The Navy's getting hip to the era of social media and will end (although not 100 percent) official communications that use ALL CAPITAL LETTERS exclusively.
At the Wall Street Journal, "NOW HEAR THIS: NAVY ABANDONS ALL CAPS: Official Communications, Long Written Large, Can Use Mixed Case; No Shouting":
More at the link.
Since the 19th century, all official Navy communications have been written that way, a legacy of primitive technology combined with the service's love of tradition.
But in the modern age, young sailors more accustomed to texting on their phones consider TYPING IN ALL CAPS akin to shouting. Typographers, meanwhile, have long maintained that all-caps text is hard on the eyes.
So the Navy, amid a modernization of its communications system, decided it would make its official messages more readable—and potentially less rude.
In an April order delivered in all capital letters, U.S. Fleet Cyber Command announced sailors were "AUTHORIZED TO USE STANDARD, MIXED-CASE CHARACTERS IN THE BODY OF NAVY ORGANIZATIONAL MESSAGES."
It noted, however, that sailors shouldn't go crazy. Standard mixed-case sentences were only appropriate for the body of the text.
"RECOMMEND CONTINUE TO USE UPPER CASE IN LINES BEFORE REMARKS," the order said.
Because of legacy systems that use the old all-caps Teletype language, the Navy could only make the shift after adopting a new messaging system it is moving to this year. The system has the added benefit of using fewer computer servers and costing $15 million less a year to operate.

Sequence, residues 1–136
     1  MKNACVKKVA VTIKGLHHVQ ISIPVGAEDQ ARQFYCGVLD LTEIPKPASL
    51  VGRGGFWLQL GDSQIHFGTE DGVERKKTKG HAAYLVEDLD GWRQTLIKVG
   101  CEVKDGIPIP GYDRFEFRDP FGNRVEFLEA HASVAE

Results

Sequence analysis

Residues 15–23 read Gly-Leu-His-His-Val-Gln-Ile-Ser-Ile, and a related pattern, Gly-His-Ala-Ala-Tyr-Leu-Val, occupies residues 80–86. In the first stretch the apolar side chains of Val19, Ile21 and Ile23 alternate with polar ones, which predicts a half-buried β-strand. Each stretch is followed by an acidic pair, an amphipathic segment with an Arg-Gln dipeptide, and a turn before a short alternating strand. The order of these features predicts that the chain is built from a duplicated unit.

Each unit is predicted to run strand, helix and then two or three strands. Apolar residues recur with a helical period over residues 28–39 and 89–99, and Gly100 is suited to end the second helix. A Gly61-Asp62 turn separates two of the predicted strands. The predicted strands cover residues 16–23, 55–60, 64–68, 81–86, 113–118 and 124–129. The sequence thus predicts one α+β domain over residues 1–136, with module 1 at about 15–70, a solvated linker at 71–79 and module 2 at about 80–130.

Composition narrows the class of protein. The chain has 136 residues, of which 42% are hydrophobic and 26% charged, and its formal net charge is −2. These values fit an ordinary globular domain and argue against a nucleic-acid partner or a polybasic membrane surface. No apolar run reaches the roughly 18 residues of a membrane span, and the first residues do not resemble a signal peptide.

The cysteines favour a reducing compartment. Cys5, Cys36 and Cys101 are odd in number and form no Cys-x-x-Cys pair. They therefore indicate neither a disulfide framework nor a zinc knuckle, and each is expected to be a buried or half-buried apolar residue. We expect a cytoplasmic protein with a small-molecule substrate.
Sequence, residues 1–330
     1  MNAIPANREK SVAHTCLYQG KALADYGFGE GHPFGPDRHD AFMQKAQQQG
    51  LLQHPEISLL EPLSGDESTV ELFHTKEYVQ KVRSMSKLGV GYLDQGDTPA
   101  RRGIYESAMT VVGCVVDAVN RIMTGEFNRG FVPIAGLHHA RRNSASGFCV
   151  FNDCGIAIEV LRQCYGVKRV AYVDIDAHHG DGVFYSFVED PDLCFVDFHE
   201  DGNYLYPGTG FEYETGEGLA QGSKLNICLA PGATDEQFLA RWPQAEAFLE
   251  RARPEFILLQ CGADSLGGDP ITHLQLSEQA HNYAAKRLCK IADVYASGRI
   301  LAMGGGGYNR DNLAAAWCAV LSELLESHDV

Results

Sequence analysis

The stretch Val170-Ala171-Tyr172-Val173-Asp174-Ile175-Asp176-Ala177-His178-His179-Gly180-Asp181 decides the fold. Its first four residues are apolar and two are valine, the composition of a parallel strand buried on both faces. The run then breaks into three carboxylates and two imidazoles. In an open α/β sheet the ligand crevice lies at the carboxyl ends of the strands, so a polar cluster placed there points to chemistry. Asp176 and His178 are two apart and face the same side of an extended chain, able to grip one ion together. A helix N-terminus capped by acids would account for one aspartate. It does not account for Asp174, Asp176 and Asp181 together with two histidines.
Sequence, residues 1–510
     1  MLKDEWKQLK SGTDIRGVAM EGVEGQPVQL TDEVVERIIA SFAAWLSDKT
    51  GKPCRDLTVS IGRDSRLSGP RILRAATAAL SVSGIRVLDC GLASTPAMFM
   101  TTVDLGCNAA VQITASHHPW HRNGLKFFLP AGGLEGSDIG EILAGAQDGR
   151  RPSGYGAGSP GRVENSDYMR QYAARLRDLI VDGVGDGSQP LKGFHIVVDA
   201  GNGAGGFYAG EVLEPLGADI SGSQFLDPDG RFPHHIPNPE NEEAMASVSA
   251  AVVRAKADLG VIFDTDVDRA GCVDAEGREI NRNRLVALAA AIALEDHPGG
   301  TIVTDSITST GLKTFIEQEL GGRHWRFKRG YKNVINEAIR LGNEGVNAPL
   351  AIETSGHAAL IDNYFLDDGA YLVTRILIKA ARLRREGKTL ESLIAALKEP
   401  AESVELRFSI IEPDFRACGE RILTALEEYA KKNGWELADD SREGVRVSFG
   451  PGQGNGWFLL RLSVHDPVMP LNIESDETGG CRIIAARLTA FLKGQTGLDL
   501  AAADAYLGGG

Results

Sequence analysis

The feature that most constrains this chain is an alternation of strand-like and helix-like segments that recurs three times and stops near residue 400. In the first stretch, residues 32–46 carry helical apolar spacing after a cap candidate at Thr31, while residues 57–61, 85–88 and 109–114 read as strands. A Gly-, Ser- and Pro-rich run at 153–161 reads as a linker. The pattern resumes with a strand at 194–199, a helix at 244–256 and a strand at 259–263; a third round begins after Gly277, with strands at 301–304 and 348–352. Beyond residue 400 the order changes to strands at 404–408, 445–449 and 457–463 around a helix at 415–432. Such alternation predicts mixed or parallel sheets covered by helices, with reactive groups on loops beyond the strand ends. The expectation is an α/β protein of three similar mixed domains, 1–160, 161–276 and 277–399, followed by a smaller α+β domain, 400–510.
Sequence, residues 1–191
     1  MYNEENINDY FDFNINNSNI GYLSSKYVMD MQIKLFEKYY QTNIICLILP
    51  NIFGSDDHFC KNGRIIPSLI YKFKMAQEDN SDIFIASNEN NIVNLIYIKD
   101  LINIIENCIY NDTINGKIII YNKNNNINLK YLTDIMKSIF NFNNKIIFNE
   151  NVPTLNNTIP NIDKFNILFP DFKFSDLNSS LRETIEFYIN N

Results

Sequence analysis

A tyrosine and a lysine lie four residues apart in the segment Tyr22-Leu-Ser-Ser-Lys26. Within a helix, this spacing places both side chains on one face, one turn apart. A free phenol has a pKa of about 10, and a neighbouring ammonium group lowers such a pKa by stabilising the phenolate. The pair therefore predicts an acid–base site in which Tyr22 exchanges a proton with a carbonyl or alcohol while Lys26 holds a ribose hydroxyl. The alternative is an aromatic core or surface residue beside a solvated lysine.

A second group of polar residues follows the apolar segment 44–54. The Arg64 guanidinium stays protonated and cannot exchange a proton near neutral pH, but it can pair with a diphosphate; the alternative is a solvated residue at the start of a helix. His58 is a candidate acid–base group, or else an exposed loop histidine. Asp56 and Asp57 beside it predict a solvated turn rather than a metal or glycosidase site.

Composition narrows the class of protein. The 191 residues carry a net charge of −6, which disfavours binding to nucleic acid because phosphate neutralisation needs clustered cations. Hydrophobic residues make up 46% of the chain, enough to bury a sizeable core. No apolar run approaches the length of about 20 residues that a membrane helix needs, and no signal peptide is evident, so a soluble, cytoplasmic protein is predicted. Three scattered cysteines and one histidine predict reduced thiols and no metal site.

The Navy was not unconcerned about the tender feelings of young sailors.
"If an ancillary benefit is that sailors reading message traffic no longer feel they're being screamed at…that is a good thing too," said a Navy official. The official insisted the move was not an example of the service going soft.
Vice Adm. Herbert F. Leary wrote in June 1942 to Adm. Chester Nimitz after the latter's victory at the Battle of Midway: "ALL HANDS HERE WATCH GRAND SHOW NEAR MIDWAY AND SEND ADMIRING BEST WISHES AND CONGRATULATIONS X KEEP EM SINKING." It might not have looked as jubilant if Adm. Leary had written instead, "keep em sinking."
The Navy acknowledges not everyone is happy with the change. "Some of the fleets were stuck in their ways and really wanted to keep the all-caps," said James McCarty, the Naval messaging program manager at Fleet Cyber command. "But it was inevitable. It had to happen."
Some senior officers believe once the ALL CAPS disappear, any number of strange characters might enter Navy orders, such as @, % or even—gasp—emoticons.
Mr. McCarty says he doesn't think emoticons will appear in official Navy communications. "Someone could put a smiley face or a heart in there. It may very well happen," he said. "But it would be the last thing that person ever does."